Skip Navigation U.S. Department of Health and Human Services www.hhs.gov
Agency for Healthcare Research Quality www.ahrq.gov
Archive print banner

Child/Adolescent Health

This information is for reference purposes only. It was current when produced and may now be outdated. Archive material is no longer maintained, and some links may not work. Persons with disabilities having difficulty accessing this information should contact us at: https://info.ahrq.gov. Let us know the nature of the problem, the Web address of what you want, and your contact information.

Please go to www.ahrq.gov for current information.

The gender of both the child and parent affect a child's participation during visits to the doctor

When children and their parents actively participate in conversations with the pediatrician during visits, more information is exchanged and the pediatrician-patient relationship is enhanced. In addition, children who actively participate in their care tend to manage their chronic disease better and reduce their health care use. Participation during pediatrician visits appears to be influenced by the child's and the parent's gender, according to a new study.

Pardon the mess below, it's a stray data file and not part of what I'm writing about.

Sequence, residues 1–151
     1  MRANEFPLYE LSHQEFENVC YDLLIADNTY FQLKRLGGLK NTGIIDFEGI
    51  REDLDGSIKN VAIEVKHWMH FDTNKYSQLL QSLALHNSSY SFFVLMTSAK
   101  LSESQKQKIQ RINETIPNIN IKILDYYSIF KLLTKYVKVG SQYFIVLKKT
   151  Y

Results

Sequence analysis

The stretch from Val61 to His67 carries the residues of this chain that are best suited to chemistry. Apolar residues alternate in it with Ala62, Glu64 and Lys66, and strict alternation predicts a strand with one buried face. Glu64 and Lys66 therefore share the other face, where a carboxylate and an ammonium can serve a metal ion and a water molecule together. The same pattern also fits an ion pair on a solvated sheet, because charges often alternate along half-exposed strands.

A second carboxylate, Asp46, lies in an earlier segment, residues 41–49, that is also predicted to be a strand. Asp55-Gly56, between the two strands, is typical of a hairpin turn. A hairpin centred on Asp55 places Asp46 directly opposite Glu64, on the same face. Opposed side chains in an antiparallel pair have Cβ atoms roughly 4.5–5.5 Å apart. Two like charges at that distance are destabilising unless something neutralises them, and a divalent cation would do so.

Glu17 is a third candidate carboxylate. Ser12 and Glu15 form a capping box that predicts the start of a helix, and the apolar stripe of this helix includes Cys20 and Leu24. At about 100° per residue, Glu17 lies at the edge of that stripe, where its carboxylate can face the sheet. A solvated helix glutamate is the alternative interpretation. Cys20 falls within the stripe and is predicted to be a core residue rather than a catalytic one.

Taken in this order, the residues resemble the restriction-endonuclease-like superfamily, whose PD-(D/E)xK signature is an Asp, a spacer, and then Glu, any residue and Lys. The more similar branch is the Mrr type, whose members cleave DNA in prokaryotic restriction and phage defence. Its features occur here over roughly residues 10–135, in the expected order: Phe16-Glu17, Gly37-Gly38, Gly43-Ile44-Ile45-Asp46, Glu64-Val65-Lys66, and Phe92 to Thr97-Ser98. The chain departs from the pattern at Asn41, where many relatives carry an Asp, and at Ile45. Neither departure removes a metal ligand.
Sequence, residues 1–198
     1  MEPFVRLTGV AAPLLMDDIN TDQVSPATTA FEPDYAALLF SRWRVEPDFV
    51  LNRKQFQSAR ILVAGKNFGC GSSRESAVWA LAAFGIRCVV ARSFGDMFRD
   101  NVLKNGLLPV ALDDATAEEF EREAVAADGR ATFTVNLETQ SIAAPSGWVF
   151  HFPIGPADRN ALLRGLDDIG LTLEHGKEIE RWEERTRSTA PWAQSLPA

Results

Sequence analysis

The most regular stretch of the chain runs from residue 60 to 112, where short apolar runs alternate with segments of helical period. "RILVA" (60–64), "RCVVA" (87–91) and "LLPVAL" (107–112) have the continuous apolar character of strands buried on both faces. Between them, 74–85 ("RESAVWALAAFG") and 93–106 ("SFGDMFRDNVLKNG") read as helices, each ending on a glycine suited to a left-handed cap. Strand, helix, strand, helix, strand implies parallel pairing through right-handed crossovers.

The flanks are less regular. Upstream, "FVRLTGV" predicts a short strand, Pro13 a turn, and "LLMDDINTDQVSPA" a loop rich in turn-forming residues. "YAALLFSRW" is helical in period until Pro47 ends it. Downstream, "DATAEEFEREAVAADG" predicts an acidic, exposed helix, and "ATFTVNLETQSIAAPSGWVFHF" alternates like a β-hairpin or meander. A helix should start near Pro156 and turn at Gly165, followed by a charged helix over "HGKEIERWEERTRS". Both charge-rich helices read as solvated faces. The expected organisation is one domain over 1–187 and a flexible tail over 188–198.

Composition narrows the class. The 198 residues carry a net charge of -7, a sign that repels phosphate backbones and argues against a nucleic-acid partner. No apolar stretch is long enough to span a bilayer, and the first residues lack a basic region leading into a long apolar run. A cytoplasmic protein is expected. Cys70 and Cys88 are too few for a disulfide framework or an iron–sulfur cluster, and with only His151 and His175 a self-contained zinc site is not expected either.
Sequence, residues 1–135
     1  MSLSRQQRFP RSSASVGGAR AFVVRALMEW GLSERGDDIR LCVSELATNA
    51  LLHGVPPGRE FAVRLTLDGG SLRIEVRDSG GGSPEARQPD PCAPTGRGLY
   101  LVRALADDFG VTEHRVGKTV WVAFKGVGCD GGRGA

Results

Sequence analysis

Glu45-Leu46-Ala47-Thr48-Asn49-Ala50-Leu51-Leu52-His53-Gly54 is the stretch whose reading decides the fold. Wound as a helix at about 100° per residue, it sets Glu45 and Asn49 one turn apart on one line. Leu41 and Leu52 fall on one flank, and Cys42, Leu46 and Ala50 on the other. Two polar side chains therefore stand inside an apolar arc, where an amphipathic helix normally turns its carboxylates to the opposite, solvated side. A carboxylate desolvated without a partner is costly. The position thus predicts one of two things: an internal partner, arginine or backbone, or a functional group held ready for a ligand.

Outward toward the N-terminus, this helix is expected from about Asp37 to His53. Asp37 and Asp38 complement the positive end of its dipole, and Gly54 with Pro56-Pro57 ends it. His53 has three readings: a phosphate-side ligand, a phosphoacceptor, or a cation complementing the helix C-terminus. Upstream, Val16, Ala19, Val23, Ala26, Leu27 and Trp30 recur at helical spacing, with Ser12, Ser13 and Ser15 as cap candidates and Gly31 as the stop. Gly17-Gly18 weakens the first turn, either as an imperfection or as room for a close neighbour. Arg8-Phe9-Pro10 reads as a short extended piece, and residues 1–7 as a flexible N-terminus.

For example, girls did twice as much relationship building as boys, and their physicians did 34 percent more information gathering. Also, having the father accompany the child reduced child relationship building 76 percent and reduced information imparted by the physician 14 percent compared to when the mother accompanied the child. This may be due to the mother's greater familiarity with the issues, since mothers are more likely to accompany children to physician visits. Whether the physician was the same gender as the parents or child had no significant effect on participation.

However, female doctors gave 29 percent less information to children and parents. After adjusting for the genders of all concerned, longer visits were associated with more participation of the physician, parent, and child. Since these gender-based patterns of participation in health care are evident in childhood, methods to facilitate participation in one's care might begin early in life.

Also, policies that support longer primary care visits could encourage parent participation, suggests Elizabeth D. Cox, M.D., Ph.D., of the University of Wisconsin School of Medicine and Public Health. Dr. Cox and colleagues analyzed videotapes and sociodemographics from 100 pediatric visits. Their study was supported by the Agency for Healthcare Research and Quality (HS13183).

See "Effect of gender and visit length on participation in pediatric visits," by Dr. Cox, Maureen A. Smith, M.D., M.P.H., Ph.D., Roger L. Brown, Ph.D., and Mary A. Fitzpatrick, in the March 2007 Patient Education and Counseling 65, pp. 320-328.

Return to Contents
Proceed to Next Article

 

The information on this page is archived and provided for reference purposes only.

 

AHRQ Advancing Excellence in Health Care